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Table of Contents    
LETTER TO EDITOR
Year : 2014  |  Volume : 62  |  Issue : 4  |  Page : 438-439

Primary cerebellopontine angle choroid plexus papilloma in a child: A rare occurrence


1 Department of Neurosurgery, All India Institute of Medical Sciences, New Delhi, India
2 Department of Neuropathology, All India Institute of Medical Sciences, New Delhi, India

Date of Web Publication19-Sep-2014

Correspondence Address:
Rajinder Kumar
Department of Neurosurgery, All India Institute of Medical Sciences, New Delhi
India
Rajinder Kumar
Department of Neurosurgery, All India Institute of Medical Sciences, New Delhi
India
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Source of Support: None, Conflict of Interest: None


DOI: 10.4103/0028-3886.141226

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How to cite this article:
Prasad G L, Kumar R, Suri V, Prasad G L, Kumar R, Suri V. Primary cerebellopontine angle choroid plexus papilloma in a child: A rare occurrence. Neurol India 2014;62:438-9

How to cite this URL:
Prasad G L, Kumar R, Suri V, Prasad G L, Kumar R, Suri V. Primary cerebellopontine angle choroid plexus papilloma in a child: A rare occurrence. Neurol India [serial online] 2014 [cited 2019 Aug 23];62:438-9. Available from: http://www.neurologyindia.com/text.asp?2014/62/4/438/141226


Sir,

Choroid plexus papillomas (CPP) are one of the commonest childhood intraventricular tumors. [1] Primary CPP of the cerebellopontine (CP) angle is very rare. [2],[3],[4] We report a young child with primary CPP in the CP angle.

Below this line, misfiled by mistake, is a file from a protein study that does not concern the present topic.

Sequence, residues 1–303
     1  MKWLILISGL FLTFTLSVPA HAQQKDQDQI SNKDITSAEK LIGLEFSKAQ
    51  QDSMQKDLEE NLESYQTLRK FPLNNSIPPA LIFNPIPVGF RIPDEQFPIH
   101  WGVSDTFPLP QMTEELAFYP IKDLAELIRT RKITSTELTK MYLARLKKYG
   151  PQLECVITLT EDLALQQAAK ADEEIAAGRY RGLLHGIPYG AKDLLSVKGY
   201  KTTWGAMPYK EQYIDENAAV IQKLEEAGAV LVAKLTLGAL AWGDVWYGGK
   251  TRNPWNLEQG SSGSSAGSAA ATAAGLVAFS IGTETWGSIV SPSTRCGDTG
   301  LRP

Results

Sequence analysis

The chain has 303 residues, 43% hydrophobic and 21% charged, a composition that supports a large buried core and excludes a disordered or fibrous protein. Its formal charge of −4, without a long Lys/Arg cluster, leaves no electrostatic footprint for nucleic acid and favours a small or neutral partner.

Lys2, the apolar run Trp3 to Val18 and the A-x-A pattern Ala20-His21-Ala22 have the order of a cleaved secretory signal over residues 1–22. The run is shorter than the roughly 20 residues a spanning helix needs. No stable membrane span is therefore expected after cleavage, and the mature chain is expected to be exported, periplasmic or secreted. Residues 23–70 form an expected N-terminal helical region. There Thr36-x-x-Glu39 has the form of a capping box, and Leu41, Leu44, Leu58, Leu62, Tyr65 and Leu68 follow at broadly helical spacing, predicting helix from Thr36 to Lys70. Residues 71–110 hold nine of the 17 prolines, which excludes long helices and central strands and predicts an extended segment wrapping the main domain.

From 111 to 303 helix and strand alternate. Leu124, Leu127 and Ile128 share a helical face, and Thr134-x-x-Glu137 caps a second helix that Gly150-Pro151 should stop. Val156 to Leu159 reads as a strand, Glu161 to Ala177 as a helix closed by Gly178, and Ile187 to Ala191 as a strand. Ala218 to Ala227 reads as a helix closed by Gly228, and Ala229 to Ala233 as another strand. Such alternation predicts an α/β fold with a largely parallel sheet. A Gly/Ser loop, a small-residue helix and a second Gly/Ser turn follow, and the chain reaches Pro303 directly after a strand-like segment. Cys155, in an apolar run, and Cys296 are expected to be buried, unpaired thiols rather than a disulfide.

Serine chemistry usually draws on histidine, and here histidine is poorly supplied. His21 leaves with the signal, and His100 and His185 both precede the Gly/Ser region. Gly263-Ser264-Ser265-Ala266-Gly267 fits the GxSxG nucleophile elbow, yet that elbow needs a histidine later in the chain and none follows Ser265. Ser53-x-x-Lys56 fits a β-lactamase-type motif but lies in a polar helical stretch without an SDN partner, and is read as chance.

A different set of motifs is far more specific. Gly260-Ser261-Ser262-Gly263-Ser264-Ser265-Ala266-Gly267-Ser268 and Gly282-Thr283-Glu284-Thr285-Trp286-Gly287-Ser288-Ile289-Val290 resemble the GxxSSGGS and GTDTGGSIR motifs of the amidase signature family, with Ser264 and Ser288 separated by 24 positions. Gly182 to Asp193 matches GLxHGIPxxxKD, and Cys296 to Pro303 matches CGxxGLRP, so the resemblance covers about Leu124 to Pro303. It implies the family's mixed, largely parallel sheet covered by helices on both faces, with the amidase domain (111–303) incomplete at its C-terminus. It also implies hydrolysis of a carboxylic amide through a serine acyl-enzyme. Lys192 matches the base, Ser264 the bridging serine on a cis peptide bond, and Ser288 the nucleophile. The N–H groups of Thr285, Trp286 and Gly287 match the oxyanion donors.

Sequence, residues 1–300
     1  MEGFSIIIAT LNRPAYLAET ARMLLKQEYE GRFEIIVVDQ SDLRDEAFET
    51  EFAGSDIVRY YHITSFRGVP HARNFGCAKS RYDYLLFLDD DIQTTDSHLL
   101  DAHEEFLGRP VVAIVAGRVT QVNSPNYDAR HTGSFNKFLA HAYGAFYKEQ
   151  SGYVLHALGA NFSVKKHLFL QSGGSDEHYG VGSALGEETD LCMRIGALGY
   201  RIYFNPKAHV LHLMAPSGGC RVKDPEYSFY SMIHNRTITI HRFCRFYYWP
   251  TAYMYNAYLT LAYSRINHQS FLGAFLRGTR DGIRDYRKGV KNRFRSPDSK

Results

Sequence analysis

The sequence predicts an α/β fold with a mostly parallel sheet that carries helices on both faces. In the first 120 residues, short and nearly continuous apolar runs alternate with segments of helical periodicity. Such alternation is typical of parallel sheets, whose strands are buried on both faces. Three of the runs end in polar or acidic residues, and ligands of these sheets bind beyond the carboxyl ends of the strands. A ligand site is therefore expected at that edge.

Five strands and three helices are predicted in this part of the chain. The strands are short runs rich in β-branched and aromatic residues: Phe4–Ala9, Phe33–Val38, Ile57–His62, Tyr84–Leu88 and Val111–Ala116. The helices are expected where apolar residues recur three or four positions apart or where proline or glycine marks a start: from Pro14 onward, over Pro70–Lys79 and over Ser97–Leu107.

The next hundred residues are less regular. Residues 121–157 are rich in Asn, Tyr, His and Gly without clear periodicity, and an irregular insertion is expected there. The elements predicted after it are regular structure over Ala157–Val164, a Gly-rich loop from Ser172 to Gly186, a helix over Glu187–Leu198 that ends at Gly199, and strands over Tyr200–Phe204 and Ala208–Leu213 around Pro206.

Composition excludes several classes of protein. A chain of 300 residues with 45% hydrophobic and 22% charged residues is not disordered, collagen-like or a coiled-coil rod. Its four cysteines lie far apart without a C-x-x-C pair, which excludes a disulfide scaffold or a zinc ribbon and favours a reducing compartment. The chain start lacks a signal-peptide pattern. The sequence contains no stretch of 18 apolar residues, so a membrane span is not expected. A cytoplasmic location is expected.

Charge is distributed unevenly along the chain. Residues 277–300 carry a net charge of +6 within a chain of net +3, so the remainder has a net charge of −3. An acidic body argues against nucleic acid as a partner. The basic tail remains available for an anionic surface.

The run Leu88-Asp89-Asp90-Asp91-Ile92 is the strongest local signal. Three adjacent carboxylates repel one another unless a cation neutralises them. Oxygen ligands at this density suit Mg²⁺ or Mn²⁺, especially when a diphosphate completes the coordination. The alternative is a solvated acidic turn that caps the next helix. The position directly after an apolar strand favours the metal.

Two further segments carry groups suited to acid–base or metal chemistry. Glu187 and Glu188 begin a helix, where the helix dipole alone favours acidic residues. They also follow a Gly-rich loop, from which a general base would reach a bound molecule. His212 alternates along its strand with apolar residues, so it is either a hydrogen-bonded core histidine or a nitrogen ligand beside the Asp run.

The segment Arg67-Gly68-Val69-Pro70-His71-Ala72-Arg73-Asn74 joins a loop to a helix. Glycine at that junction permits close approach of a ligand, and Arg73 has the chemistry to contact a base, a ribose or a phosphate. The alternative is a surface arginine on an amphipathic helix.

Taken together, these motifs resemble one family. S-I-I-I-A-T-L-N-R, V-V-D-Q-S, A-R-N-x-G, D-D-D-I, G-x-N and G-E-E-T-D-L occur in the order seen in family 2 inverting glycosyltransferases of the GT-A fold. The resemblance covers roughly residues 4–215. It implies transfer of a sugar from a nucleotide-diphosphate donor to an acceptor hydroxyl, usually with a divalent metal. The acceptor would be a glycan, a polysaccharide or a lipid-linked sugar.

An 8-year-old boy presented with 5-months duration of diplopia, facial asymmetry, gait imbalance, left-sided hearing loss along with features of raised intracranial pressure. Neurological examination revealed a visual acuity of 6/12 bilaterally with left-sided abducent nerve paresis, grade 3 lower motor facial palsy, sensorineural hearing loss, and cerebellar signs. Magnetic resonance imaging (MRI) revealed an extra-axial 4.2 Χ 3.8 Χ 3 cm sized left CP angle lesion isointense and hyperintense on T1 and T2-weighted sequences, respectively, homogenous enhancement with compression of brainstem and moderate ventriculomegaly. Non-contrast computed tomography (NCCT) head revealed no evidence of calcification, hemorrhage, or adjacent bony changes [Figure 1]a-c. Patient underwent retrosigmoid approach and gross total removal of the tumor. Intra-operatively, the tumor was extra-axial, reddish grey, highly vascular with finger-like projections appearing to arising from the choroid plexus of foramen of Lushka. The tumor was, however, adherent to the adjacent cranial nerves. Complete total excision was achieved. Follow-up MRI showed no residual lesion [Figure 1]d. Histology showed features of papillary tumor with smooth-surfaced papillae lined by single layer of uniform columnar cells having round to oval monomorphic nuclei without mitotic activity or necrosis. Immunohistochemical staining for pancytokeratin, S-100 protein and synaptophysin was positive, while epithelial membrane antigen (EMA) staining was negative. These findings were suggestive of choroid plexus papilloma [Figure 2].
Figure 1: Axial MR images showing the lesion to be isointense on T1 WI; (a), heterogeneously hyperintense on T2WI; (b) and showing intense homogeneous enhancement; (c); post-op MRI with contrast 3 months after surgery showing no residual lesion (d)

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Figure 2: H and E photomicrographs at low (×100) magnifi cation (Fig 2) showing a papillary tumor with smooth-surfaced papillae lined by single layer of uniform columnar cells having round to oval monomorphic nuclei with no mitotic activity or necrosis suggestive of choroid plexus papillom